As a leader, you set goals (at least I hope you do). If you are a really good leader, you write your goals down and perhaps tell a few people about them for accountability. But even the most outstanding leaders don’t achieve all their goals. So, then what happens to those unachieved goals?
Are unachieved goals recycled, forgotten about, or unimportant?
Is goal setting really all about shooting for the stars and be happy with the moon type of thinking?
Sometimes, my tendency for literal thinking takes over and I feel every list and goal needs a checkbox next to it indicating whether you completed it or not. Well I have realized over the years that goals don’t have to be literal as great learning and growth can be achieved without completing 100% of the goal.
As the famous quote says “it’s not about the destination, it’s the journey”. I know this is a cliché but it is actually true in the pursuit of goal achievement.
The goals you set and the rewards you achieve in reaching them are merely the carrot (or ice cream) that takes you on the journey. The journey is where the growth happens, but without the goal, the journey often never happens.
Easy examples of the journey being more important than the goal come from my mountaineering expeditions and running marathons. When I tried to climb Mt. Logan, Canada’s highest mountain at 19,551 ft., I fell just short of the goal of standing on the summit of Canada. After 21 days of climbing, our team decided to stop 500 ft. short of the summit. We deemed the horrendous weather conditions, i.e. -51oC wind chill and near zero visibility, too risky to continue.
Did we achieve our goal of standing on the summit of Mt. Logan? No! But did we learn a great deal on the journey? Absolutely!
Without ever having the courage to set such a lofty goal, my teammates and I would have missed out on the tremendous growth we gained in preparing for and executing the climb.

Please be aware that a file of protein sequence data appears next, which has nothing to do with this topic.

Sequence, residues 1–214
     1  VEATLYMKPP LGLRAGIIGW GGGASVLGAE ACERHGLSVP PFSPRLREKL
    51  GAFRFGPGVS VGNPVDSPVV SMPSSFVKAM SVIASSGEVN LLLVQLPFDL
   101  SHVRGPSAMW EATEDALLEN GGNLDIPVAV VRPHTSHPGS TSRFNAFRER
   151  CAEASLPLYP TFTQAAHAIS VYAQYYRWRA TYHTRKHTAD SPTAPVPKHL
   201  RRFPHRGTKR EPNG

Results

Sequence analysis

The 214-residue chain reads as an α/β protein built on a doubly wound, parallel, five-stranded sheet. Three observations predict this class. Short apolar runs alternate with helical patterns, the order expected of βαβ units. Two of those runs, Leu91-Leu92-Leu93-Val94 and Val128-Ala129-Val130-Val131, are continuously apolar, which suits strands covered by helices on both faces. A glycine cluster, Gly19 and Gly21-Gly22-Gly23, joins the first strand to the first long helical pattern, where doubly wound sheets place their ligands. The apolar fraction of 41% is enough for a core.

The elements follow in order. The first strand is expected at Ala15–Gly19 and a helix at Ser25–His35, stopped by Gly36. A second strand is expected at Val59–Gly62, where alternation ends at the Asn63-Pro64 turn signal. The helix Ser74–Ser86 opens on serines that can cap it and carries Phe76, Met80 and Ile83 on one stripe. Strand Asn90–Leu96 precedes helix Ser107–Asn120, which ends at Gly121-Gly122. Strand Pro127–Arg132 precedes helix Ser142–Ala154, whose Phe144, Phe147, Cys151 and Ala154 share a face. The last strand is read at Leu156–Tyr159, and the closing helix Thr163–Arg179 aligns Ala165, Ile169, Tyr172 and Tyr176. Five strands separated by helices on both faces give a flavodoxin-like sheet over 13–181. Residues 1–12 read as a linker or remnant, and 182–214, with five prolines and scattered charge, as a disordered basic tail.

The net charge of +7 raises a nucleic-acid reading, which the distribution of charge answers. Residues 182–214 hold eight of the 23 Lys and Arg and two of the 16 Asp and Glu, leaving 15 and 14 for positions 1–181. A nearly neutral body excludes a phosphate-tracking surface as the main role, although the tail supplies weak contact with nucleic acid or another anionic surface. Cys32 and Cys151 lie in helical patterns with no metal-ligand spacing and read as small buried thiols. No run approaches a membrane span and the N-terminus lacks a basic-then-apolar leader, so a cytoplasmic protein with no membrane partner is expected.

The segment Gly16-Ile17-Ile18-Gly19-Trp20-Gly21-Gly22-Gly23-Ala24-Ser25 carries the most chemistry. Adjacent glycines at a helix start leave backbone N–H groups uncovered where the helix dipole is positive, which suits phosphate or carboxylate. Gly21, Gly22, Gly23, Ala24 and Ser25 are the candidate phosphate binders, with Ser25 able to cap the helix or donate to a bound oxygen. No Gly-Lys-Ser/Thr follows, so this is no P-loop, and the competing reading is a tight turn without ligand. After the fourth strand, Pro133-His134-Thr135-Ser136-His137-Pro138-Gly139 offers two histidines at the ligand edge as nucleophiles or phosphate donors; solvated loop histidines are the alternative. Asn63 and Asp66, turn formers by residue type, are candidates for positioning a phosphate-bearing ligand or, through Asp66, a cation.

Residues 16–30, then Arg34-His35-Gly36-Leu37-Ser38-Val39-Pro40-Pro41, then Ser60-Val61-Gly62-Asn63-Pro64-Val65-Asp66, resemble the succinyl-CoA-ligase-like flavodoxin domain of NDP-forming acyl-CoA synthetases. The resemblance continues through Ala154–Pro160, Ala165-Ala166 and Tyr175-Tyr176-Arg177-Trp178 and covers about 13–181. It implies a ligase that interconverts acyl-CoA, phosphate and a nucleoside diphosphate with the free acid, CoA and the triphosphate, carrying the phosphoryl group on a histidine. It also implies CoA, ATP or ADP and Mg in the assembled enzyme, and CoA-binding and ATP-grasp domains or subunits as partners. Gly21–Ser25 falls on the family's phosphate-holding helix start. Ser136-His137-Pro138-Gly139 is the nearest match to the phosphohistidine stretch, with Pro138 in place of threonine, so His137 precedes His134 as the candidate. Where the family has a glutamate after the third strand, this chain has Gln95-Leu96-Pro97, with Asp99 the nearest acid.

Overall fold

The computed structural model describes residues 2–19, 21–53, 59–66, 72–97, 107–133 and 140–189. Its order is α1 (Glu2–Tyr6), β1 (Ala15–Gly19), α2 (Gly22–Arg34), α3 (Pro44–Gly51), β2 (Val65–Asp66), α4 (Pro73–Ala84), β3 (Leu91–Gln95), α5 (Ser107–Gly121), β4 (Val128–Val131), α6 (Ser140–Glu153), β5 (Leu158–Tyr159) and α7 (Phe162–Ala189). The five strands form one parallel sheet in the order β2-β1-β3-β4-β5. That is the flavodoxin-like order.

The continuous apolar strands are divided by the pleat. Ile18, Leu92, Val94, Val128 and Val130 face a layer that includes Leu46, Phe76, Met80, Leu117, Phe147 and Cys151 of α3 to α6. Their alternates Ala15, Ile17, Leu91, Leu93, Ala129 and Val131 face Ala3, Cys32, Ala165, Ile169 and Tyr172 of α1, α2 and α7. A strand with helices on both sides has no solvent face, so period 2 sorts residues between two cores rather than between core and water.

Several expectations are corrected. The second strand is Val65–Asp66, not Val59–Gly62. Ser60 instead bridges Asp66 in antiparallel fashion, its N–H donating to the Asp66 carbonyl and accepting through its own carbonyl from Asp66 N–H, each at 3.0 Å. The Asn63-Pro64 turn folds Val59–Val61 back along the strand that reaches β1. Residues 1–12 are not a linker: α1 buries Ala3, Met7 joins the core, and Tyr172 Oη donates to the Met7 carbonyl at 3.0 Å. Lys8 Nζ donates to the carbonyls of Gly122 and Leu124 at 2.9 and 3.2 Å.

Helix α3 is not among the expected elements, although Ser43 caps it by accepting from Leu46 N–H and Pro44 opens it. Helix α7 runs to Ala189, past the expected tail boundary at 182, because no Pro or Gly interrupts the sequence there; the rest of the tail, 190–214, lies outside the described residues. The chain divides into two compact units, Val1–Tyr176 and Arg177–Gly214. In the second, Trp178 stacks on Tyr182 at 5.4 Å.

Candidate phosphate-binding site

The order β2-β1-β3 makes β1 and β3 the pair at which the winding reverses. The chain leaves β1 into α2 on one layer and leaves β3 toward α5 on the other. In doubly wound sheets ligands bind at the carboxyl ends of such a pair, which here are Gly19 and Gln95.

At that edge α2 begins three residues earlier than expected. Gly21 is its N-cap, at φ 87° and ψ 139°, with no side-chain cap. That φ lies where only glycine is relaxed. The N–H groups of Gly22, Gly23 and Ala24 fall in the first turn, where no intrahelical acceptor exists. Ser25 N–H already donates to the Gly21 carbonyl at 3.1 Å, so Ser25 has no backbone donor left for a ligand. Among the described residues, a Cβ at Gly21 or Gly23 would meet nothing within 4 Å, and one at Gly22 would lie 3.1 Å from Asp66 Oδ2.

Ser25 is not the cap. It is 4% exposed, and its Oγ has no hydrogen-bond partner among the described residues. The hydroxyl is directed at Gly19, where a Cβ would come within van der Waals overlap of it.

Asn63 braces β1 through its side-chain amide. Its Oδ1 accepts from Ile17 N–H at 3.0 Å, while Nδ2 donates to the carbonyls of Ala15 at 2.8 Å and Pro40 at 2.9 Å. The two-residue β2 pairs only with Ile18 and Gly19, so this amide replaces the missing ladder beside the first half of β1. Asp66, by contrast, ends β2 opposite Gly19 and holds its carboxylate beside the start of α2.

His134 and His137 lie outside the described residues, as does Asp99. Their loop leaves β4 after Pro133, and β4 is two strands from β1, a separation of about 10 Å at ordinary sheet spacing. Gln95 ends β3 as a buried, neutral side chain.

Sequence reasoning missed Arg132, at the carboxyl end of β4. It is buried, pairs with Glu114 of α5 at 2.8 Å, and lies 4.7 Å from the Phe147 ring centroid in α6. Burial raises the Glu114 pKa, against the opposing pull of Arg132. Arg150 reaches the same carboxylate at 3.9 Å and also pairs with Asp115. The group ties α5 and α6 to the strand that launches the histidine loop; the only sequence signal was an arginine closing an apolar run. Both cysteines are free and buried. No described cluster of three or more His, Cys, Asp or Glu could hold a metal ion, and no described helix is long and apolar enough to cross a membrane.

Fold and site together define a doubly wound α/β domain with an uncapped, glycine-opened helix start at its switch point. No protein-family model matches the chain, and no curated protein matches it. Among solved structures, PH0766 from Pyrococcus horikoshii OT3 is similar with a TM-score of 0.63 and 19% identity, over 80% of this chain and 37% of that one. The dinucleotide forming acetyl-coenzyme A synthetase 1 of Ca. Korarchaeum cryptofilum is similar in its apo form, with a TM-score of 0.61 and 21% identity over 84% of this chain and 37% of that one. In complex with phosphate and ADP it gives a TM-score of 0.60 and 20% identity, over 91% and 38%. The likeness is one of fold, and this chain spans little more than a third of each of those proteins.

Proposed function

Perhaps another example could be setting a goal to make 10 sales calls a day and at the end of the week, you fall short on your goal by 13 calls. The goal/ carrot/ ice cream is to make 50 sales calls, which you did not archive. You can look at that result with disappointment of not reaching your goal or success that you made 37 calls, way more than any previous week.
They next time you fall short of achieving a goal, don’t be disappointed and relish in the learning that the journey provided which would not have happened unless you set the original goal.
Then there are the goals you set but never even start the journey to achieve them. Unfortunately, I still have these goals occasionally but instead of being upset with myself for not achieving them, I have come to realize they were simply not a high enough priority for me at the time. In this case, it is OK to recycle those goals or put them on the back burner for some time until they become a high enough priority for you.
“An unfulfilled goal with a journey is still a success”
Remember, the goals you have acted up on but did not achieve have provided much more learning and growth than you would have achieved without them in the first place, unless of course you didn’t make progress toward achieving your goals at all.
Action: Set one stretch goal this week that will take you on a journey with a fixed start and end date. Share your goal with me at email@example.com.
Until next week… Embrace the Adventurea